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THIS book is written in the hope of providing the intelligent gardener, and the scientific amateur, correctly, with the rationalia of the more important operations of Horticulture; in the full persuasion that, if the physiological principles on which such operations, of necessity, depend, were correctly appreciated by the great mass of active-minded persons now engaged in gardening in this country, the grounds of their practice would be settled upon a more satisfactory foundation than can at present be said to exist. It is, I confess, surprising to me, that the real nature of the vital actions of plants, and of the external forces by which they are regulated, should be so frequently misapprehended even among writers upon Horticulture; and that ideas relating to such matters, so very incorrect as we frequently find them to be, should obtain among intelligent men, in the present state of what I may be permitted to call horticultural physiology.

There must be a great want of sound knowledge of this subject, when we find an author, who has made himself distinguished in the history of English gardening, giving it as his opinion, "that the weak drawn state of forced Asparagus in London is occasioned by the action of the dung immediately upon its roots!"

It does not seem possible to account for this in any other way than by referring it to the want of some short guide to the horticultural application of vegetable physiology, unmixed with other things; and so arranged that the intimate connexion of one branch of practice with another, and of the whole with a few well ascertained facts upon which every thing else depends, may be distinctly perceived from a single point of view. The admirable papers of Mr. Knight are scattered through the Horticultural Transactions; and the writings of other physiologists are dispersed through so many different works, that the labour of finding them, when wanted, is greater than is willingly undertaken even by those who have access to ample libraries. With regard to general works on Horticulture, it is very far from my wish to say one word in disparagement of the many excellent publications upon this subject which have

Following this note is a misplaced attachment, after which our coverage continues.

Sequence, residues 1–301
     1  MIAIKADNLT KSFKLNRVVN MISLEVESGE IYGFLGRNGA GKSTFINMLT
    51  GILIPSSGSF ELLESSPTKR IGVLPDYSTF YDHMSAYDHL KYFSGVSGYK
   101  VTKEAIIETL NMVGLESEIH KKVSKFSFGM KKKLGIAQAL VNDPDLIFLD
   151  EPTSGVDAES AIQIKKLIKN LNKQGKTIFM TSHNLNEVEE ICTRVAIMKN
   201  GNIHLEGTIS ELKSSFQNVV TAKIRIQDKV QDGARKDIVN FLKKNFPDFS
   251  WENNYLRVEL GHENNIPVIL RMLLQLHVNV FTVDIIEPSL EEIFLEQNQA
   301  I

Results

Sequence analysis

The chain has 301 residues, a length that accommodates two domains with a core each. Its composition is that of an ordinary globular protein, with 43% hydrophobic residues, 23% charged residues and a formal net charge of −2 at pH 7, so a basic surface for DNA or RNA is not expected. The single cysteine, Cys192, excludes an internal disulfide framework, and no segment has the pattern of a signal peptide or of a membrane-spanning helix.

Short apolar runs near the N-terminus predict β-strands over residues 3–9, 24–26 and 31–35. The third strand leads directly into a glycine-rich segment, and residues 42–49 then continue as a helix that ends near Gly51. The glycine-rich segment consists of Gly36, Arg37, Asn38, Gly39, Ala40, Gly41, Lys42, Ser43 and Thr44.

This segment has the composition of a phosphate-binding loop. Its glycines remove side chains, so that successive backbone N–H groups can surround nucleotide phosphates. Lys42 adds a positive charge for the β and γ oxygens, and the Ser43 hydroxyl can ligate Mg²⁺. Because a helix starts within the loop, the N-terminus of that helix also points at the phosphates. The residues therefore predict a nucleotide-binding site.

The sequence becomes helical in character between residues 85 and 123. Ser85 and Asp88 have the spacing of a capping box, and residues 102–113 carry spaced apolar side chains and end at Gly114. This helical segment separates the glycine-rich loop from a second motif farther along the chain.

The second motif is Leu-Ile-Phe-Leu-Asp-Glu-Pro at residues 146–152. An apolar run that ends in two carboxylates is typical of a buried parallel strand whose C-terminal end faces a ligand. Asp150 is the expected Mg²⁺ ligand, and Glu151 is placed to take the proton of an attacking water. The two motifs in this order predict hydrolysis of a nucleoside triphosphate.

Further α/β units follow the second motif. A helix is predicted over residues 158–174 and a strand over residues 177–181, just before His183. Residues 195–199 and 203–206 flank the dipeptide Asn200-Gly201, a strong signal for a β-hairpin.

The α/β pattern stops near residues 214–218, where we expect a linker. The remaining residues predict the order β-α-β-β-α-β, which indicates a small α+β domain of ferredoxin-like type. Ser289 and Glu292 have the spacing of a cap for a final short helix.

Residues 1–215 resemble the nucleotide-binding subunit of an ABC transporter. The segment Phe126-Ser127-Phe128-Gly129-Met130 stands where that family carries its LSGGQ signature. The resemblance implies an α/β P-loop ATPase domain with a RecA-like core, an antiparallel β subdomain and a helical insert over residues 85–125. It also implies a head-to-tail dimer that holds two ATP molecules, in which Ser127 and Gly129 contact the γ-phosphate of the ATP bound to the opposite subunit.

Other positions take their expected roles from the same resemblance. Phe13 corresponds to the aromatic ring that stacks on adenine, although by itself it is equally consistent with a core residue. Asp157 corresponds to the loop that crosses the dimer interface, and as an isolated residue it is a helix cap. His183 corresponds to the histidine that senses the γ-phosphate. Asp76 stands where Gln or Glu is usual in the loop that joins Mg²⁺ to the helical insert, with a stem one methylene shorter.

already appeared in this country; on the contrary, the improved state of gardening among us may be reasonably ascribed to the influence of some of these valuable works: but it must be admitted that the true principles of physiology are not, in such books, so separated from the details of routine on the one hand, or so applied to them on the other, as to be readily understood by those who want either the skill or the inclination to distinguish empirical directions from rules which are plainly founded upon the very nature of things. I must also be permitted to observe that, although results are correctly stated in such books, they are not unfrequently referred to wrong causes.

In preparing the following pages for the press, my anxious desire has been to strike out all unnecessary matter, even although it may be required to complete the physiological explanation of common facts; and to introduce little beyond that which every gardener can verify for himself. Vegetable anatomy is no doubt the foundation of all correct views of physiological action; chemistry is of the first importance, when the general functions of plants are considered in a large and general way; and electricity probably exercises an important influence over the vital actions of all living things.

But these are the refinements of science, belonging to the philosopher in his laboratory, and not to the worker in gardens; they are indispensable to the correct appreciation of physiological phenomena, but not to the application of those phenomena to the arts of life; electricity, in particular, appears to me, in the present imperfect state of our knowledge of its relation to vegetable functions, altogether incapable of forming a part of any horticultural theory.

What the gardener wants is, not a treatise upon botany, nor a series of speculations upon the possible nature of the influence on plants of all existing forces, nor an elaborate account of chemical agencies inappreciable by his senses and obscurely indicated by their visible results; but an intelligible explanation, founded upon well ascertained facts which he can judge of by his own means of observation, of the general nature of vegetable actions, and of the causes which, while they control the powers of life in plants, are themselves capable of being regulated by himself. The possession of such knowledge will necessarily teach him how to improve his methods of cultivation, and lead him to the discovery of new and better modes.

It is very true that ends of this kind are often

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